Organizational architecture and pro-social behavior: Three essays

H. Yin

Research output: ThesisDoctoral Thesis

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Social motivations and double-sided information asymmetry are present in many accounting contexts. This thesis recognizes that managers can have social motivations and there can be double-sided information asymmetry between managers and employees, and will illustrate that accounting choices and decisions by principals, and accounting solutions by organizations, may look different and may have to be revised when considering social motivations and double-sided information asymmetry.

Chapter 2 examines the effect of delegating decision rights about cost reduction in capital budgeting and the type of compensation contracts on the managers’ misrepresentation of private information. Results show that the delegation of decision rights produces an important responsibility effect that makes managers care about the superiors’ interest. The responsibility effect materializes when managers receive a fixed wage contract without truth telling incentives, but fails to materialize when managers receive a contract with the incentives. The findings suggest that firms may be better off by combining delegation with a fixed wage contract in settings where social motivations are important.

Chapter 3 examines how a principal’s choice of a truth-telling incentive contract affects the honesty of their agents’ cost reporting in a setting where principals may have information about social norms unknown to agents. Results show that the principal’s choice of incentives produces besides an incentive effect a negative information leakage effect. This choice leaks information of a selfish social norm. Agents conform to this social norm by misrepresenting cost information more. The results suggest that managers must recognize that their decisions can leak information, which may produce unanticipated consequences for the social norms at play in the organization.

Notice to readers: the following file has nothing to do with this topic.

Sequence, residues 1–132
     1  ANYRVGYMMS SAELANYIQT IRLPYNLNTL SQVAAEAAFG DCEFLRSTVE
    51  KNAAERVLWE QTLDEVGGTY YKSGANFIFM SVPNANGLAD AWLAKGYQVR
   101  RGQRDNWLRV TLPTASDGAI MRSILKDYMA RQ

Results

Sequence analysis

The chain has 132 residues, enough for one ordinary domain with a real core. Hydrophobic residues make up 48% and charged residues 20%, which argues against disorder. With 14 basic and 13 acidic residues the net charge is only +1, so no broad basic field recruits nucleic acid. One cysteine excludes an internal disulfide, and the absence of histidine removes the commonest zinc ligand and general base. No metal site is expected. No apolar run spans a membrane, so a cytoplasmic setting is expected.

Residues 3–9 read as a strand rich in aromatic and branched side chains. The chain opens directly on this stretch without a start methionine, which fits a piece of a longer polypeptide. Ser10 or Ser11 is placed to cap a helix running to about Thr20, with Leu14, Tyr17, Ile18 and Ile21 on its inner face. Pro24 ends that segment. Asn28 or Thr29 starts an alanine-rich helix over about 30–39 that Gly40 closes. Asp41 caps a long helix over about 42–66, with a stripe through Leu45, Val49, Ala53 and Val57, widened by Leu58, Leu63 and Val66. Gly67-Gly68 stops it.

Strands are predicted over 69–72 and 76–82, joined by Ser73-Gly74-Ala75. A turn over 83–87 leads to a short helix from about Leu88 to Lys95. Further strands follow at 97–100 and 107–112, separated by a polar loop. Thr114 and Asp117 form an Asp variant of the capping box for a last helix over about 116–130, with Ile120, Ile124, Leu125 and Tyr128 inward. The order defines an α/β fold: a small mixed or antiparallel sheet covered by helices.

Chapter 4 studies the effect of an open policy (revealing the manager behavior openly to employees) and granting managers discretion over rewarding employees on managers’ propensity to behave well towards the organization. Results show that managers are more likely to behave well towards the organization under the open policy compared to the closed policy (employees cannot observe the manager behavior). The effect of the open policy on controlling managers is larger when managers have discretion over rewarding employees than when they do not have the discretion.
Original languageEnglish
QualificationDoctor of Philosophy
Awarding Institution
  • Tilburg University
  • Cardinaels, Eddy, Promotor
  • Suijs, Jeroen, Promotor
Award date16 May 2014
Place of PublicationTilburg
Print ISBNs9789056683870
Publication statusPublished - 16 May 2014


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